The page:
Aleman cannot demonstrate that the joint trial prejudiced him to the
extent that the district court could not protect him, and the denial of the
severance request was not an abuse of discretion. See United States v. Peterson,
244 F.3d 385, 393 (5th Cir. 2001). First, both robberies were relevant to the case
against Aleman, even if the evidence was circumstantial and the evidence as to
the Covarrubias robbery was much stronger as to Ramirez. Thus, any spillover
effect was minimal. Second, although Aleman did not request any limiting
instruction, the district court instructed the jury that Aleman “is not on trial for
any act, conduct, or offense not alleged in the indictment.” Third, the prosecutor
told the jurors during closing arguments that it would not be asked to reach a
verdict as to the two robberies and that the evidence was presented to assist the
jury “make decisions about the planning of this case, about the aiding and
Date Filed: 02/08/2012
abetting of these individuals together . . . , to help you make decisions about
identity of the robbers.” The jurors were informed correctly that Aleman was not
on trial for the other robberies and informed of the permissible uses of the
evidence. See FED. R. EVID. 404(b).
This court will uphold the jury’s verdict if a reasonable trier of fact could
conclude from the evidence that the elements of the offense were established
beyond a reasonable doubt. Jackson v. Virginia, 443 U.S. 307, 319 (1979);
United States v. Percel, 553 F.3d 903, 910 (5th Cir. 2008). This court “view[s] the
evidence in the light most favorable to the verdict and draw[s] all reasonable
inferences from the evidence to support the verdict.” Percel, 553 F.3d at 910
(internal quotation marks and citation omitted).
This court does “not weigh evidence or assess the credibility of witnesses,
and the jury is free to choose among reasonable constructions of the evidence.”
United States v. Ramos-Cardenas, 524 F.3d 600, 605 (5th Cir. 2008). The jury
alone decides the credibility of witnesses and chooses among reasonable
constructions of the evidence. United States v. Zuniga, 18 F.3d 1254, 1260 (5th
Cir. 1994). This court must “consider the evidence, all reasonable inferences
drawn therefrom, and all credibility determinations in the light most favorable
to the prosecution.” United States v. Lopez, 74 F.3d 575, 577 (5th Cir. 1996).
Review is “limited to whether the jury’s verdict was reasonable, not whether
[this court believes] it to be correct.” United States v. Williams, 264 F.3d 561,
576 (5th Cir. 2001).
To establish a violation of 18 U.S.C. § 2113(a), “bank robbery and
incidental crimes,” the Government was required to prove beyond a reasonable
doubt that an individual or individuals “by force and violence, or by intimidation,
t[ook], or attempt[ed] to take, from the person or presence of another . . . any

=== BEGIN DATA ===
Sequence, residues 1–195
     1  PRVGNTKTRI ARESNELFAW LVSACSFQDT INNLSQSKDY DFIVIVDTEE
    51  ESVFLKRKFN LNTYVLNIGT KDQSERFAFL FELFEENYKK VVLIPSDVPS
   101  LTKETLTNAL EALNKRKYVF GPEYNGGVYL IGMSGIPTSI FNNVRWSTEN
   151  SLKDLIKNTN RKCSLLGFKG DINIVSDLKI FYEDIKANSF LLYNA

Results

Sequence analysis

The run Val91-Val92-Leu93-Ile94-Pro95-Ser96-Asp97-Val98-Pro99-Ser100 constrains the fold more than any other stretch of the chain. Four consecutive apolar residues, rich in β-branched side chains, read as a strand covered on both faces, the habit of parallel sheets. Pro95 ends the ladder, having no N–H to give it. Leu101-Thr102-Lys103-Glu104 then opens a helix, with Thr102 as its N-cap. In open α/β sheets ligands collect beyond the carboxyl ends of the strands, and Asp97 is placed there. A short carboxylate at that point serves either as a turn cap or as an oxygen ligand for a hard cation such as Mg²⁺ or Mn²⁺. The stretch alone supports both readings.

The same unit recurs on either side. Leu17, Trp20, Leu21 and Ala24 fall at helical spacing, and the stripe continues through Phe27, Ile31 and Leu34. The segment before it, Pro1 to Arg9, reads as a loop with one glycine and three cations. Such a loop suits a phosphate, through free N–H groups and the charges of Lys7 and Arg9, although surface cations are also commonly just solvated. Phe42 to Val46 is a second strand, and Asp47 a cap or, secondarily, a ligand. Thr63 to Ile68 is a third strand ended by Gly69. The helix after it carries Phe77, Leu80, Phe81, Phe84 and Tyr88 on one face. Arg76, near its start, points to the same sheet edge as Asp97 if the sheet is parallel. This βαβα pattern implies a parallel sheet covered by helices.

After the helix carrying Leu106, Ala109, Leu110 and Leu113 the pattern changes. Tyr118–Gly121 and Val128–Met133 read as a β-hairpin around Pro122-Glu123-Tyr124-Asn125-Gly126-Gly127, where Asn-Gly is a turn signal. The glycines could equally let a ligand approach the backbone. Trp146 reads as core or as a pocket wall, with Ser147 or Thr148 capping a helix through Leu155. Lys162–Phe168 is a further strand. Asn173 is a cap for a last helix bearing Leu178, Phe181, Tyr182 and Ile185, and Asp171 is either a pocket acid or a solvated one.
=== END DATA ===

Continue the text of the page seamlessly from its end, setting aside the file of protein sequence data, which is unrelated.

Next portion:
property or money or any other thing of value belonging to, or in the care,
custody, control, management, or possession of, any bank, credit union, or any
savings and loan association.” § 2113(a). The statute defines a bank as an
Date Filed: 02/08/2012
institution whose deposits are insured by the Federal Deposit Insurance
Corporation. § 2113(f). The FDIC-insured status of CNB is not at issue on
appeal; Ramirez challenges only his identity as a robber.
Much of Ramirez’s brief is devoted to attacking the credibility of Police
Chief Randy Holland’s identification of Ramirez.
Even without that
identification, however, the evidence was sufficient to support Ramirez’s
conviction. First, Ramirez’s DNA was found in the getaway car and on a ski
mask found at George and Susie Bircks’s residence. Second, Ramirez was
wearing items of the Bircks’s clothing when he was arrested. Third, Ramirez
was identified as one of the robbers of the Covarrubias agency; Ramirez’s
fingerprints were found at the scene of that robbery; and the modus operandi of
the CNB and Covarrubias robbers was very similar. Fourth, the modus operandi
of the CNB and Allstate robberies was very similar. Fifth, Ramirez was engaged
in telephone calls with Aleman and codefendant Baltazar Nava that ended
approximately two hours before the CNB robbery. The jury could have inferred
beyond a reasonable doubt from this evidence that Ramirez was one of the CNB
Finally, Aleman moves for an order compelling counsel to file a brief or, in
the alternative, for appointment of new counsel. Counsel filed a merits brief,
rendering Aleman’s motion moot.
AFFIRMED; MOTION DENIED.
Disclaimer: Justia Dockets & Filings provides public litigation records from the federal appellate and district courts. These filings and docket sheets should not be considered findings of fact or liability, nor do they necessarily reflect the view of Justia.
Why Is My Information Online?